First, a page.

The welfare budget will be slashed in the next round of Government cuts, Iain Duncan Smith said today.
The Work and Pensions Secretary said the stalled economy and need to trim the deficit meant more savings were required.
He said: "We will have reduced welfare bills by £18 billion at the time of the next election and reformed welfare so it will be more effective.
"Early action to cut spending has helped reduce the deficit by a quarter but with the rest of Europe and the USA in trouble, it's small wonder the UK economy isn't growing as we had hoped.
"George Osborne and I recognise this means we will have to make further savings in the welfare budget, but as we save we are agreed we must relentlessly focus what we do on transforming lives.
"Gone must be the days when Governments spent money to buy their way out of a problem."
Mr Duncan Smith's admission, in his speech to the Conservative Party conference in Birmingham, paves the way for more cuts when Chancellor Mr Osborne delivers his Autumn Statement in December.
Mr Duncan Smith said the party had a "once in a lifetime opportunity" to reform welfare, and hailed the Universal Credit which will replace a complex raft of benefits payments.
He called it "the most extensive shake up of the welfare system for years" - and cautioned unemployed claimants against shirking work.
"If you won't work with us to find work, you will lose your benefit," said the former Tory leader.
He went onto accuse Labour and trades unions of sabotaging a work experience scheme designed to help young people gain valuable insight into employment.
"The unions, with Labour support, have attacked the programme," said Mr Duncan Smith.
"They are trying to frighten off businesses, even going as far as calling it 'slave labour'.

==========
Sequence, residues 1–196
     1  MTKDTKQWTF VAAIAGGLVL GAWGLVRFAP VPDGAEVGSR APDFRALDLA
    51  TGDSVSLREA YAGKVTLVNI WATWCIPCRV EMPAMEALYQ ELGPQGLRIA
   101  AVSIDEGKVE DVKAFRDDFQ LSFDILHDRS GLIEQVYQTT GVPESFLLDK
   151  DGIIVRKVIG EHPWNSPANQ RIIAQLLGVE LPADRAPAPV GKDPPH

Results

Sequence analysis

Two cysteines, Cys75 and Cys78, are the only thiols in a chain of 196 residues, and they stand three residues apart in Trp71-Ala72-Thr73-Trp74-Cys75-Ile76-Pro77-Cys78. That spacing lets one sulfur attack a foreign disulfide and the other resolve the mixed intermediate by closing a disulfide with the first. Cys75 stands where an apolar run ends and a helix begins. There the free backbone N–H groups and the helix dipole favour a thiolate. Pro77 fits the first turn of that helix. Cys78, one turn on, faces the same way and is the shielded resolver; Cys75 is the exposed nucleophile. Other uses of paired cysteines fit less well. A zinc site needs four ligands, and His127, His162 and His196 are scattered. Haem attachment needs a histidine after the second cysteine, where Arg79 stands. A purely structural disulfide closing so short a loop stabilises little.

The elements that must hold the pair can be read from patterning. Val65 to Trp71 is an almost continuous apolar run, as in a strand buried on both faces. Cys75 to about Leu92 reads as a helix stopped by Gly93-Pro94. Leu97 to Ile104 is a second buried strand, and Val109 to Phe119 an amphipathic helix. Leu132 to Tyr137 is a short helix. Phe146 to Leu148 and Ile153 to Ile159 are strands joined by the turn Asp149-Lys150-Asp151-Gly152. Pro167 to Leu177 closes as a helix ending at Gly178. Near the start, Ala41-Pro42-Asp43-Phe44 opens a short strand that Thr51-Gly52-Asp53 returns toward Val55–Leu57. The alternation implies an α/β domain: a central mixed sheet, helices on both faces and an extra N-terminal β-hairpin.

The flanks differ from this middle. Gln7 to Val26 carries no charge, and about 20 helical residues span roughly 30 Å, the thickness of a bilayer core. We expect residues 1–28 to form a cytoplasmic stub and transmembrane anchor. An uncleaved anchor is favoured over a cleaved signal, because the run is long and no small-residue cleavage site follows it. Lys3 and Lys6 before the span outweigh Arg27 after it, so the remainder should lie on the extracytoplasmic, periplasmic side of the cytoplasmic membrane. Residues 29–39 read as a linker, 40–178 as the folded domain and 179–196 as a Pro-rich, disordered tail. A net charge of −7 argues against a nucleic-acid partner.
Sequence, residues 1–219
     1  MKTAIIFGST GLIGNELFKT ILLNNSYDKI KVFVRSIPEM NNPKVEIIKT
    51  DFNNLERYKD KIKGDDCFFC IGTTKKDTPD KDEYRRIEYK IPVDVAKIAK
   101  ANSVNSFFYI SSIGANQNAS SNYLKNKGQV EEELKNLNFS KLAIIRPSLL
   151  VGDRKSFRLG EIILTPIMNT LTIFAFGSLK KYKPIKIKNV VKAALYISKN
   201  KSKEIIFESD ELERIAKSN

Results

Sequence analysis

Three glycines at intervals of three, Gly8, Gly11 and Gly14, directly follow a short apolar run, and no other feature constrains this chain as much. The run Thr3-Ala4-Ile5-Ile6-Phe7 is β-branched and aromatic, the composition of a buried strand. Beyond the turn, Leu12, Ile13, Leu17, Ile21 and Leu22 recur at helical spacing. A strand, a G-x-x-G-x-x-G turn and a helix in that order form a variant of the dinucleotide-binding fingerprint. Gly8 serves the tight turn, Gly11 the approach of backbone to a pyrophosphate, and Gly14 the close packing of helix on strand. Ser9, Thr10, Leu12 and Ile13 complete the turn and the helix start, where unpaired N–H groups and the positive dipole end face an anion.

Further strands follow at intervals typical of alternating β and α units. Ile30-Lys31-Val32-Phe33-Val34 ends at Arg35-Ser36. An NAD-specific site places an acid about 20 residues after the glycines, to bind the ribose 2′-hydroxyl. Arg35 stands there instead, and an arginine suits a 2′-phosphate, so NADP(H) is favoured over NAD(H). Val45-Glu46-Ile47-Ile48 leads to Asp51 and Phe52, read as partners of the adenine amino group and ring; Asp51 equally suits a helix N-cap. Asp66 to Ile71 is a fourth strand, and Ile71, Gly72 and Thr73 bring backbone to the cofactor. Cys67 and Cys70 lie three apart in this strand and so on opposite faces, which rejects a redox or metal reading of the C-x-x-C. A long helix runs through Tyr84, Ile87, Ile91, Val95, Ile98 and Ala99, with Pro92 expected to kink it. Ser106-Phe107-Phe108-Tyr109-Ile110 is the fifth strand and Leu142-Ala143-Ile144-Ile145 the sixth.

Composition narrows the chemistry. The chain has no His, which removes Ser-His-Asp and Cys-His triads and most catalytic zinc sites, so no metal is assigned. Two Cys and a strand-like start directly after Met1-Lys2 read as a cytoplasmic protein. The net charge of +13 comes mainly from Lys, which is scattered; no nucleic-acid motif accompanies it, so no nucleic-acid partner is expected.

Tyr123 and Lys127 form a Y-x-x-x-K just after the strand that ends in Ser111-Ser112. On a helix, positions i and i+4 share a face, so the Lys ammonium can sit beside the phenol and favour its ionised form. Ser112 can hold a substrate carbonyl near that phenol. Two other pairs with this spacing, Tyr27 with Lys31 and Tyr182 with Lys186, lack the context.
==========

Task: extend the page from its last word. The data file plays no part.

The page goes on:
"Just how out of touch they are? Labour and the unions would rather have the young people of this country living off state hand-outs, instead of being employed."
And he warned Labour leader Ed Miliband: "If you follow the unions, you will never lead."
Mr Duncan Smith said the details of where the axe would fall - and where extra investment in the system might be made - were still to be thrashed out.
"I believe, overall, that by the time of the Autumn statement the Chancellor and I will have agreed what both of us think are necessary and achievable out of the welfare system," he told BBc Radio 4's PM.
Among items still to be agreed on were the proposal to strip under 25s of housing benefit, he signalled.
"If, and I say if because we have to discuss and decide whether this is the right thing to do, if we were to go down that road we would actually be doing it for those coming into that age bracket not those who are already there," he said.
"This is much more of a debt than a deficit reduction as it would grow and grow in years."
Mr Duncan Smith declined to offer a personal opinion on the decision to protect universal benefits from the chop - even those paid to the richest pensioners such as winter fuel payments.
Asked about reports he urged Prime Minister David Cameron to abandon an election pledge not to touch them, he said: "I of course do not have an independent opinion.
"I have a collective opinion which is exactly the same as the Prime Minister's which is that we have agreed something as a party. People who are receiving these benefits should know that when you make a statement you stand by it."
That could change in the next Tory manifesto, he indicated.
"But for the moment all those in receipt of these benfits can sleep easy."
:: The veteran former party leader also denied refusing to leave his position in the recent reshuffle to become Justice Secretary - insisting Mr Cameron offered him a choice.
"I call that a really good, decent man who wants to find the best for the British public, believes that I was doing a good job in welfare reform and wants to know whether or not on balance it was best for me to try to apply some of those reforming ideas that I've got to the criminal justice system or whether it's best to make sure I deliver this.
"On balance, I felt too many politicians move too often - it's time for us to say to the civil servants: I'm staying put and you're staying put and we are all going to deliver this thing together.
"It was a very, very happy discussion. And I say that without even a sign of a tongue in my cheek."